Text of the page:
Yet state and provincial authorities have not been up to the task of managing border water issues effectively:
•Canadian dilemmas. On the Canadian side of the border, federal reticence to take up the full extent of its responsibilities and powers on trans-boundary waters is due to the ongoing turf war between federal and provincial politicians over water resources:
For example, in the case of the debate over “bulk water exports” (exporting water to the neighboring country for profit) in the late 1990s, the then-federal environment minister argued that it was beyond Ottawa’s jurisdiction to make decisions about provincial resources — although provinces had repeatedly referred questions over bulk water exports to the federal government’s jurisdiction over international trade.
Federal reticence was also was evident during the recent debate over “Annex 2001” proposals for a new governance regime allowing bulk water exports by U.S. states bordering the Great Lakes. Both Canadian and U.S. interventions were led largely by provincial and state rather than federal governments.
•U.S. federal inaction. On the U.S. side of the border, factors include the relative decline in the U.S.-Canadian relationship (although this has reversed slightly under Prime Minister Stephen Harper), the commitment of the administration of President George Bush to states’ rights and increasing U.S. unilateralism on a number of issues (such as softwood lumber). This may have repercussions for specific water supply projects.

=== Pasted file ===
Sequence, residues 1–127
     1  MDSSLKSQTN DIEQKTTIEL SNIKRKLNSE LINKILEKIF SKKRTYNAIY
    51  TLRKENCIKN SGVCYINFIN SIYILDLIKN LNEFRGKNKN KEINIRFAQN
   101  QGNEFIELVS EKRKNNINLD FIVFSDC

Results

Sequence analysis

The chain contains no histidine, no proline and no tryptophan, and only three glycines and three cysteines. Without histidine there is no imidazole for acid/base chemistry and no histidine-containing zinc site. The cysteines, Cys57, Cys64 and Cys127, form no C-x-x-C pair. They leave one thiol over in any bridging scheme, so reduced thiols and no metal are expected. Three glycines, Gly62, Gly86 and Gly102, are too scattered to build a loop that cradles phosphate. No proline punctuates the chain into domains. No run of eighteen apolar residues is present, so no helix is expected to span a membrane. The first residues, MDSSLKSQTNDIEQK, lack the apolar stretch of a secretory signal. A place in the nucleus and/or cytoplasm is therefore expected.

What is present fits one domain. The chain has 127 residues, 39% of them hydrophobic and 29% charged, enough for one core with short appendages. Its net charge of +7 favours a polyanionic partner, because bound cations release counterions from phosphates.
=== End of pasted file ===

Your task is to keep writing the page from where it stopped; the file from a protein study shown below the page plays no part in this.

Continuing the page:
For example, Congress in 2000 amended the Garrison Reformulation Act to allow the proposed North Dakota Garrison Diversion (also known as the Red River Supply Project), removing the previous requirement for consultations with Canada. This move, and a lack of remedial action by the Bush administration, helped create the current dispute over Red River pollution.
State and provincial authorities have over the past decade taken the lead on trans-boundary environmental issues, including water disputes, and this trend is likely to continue:
•The Environmental Cooperation Council (ECC) established by the governments of British Columbia and Washington state (under which international task forces are set up to deal with specific environmental issues) is one such example.
•ECC-mandated governance bodies have taken the lead on many trans-boundary water issues, such as the Abbotsford-Sumas Aquifer.
Similarly, provinces, states, and local non-governmental organizations (particularly the Columbia Basin Trust) have taken the lead on the preparatory process leading up to the reopening of the Columbia River Treaty for renegotiation. The treaty facilitates power generation, flood control and energy-sharing in the U.S. Pacific Northwest and parts of western Canada. Through the provision of cheap hydroelectric energy, it has greatly assisted the development of industry and agriculture in this vast region.
Oxford Analytica is an international consulting firm providing strategic analysis on world events for business and government leaders. See www.oxan.com.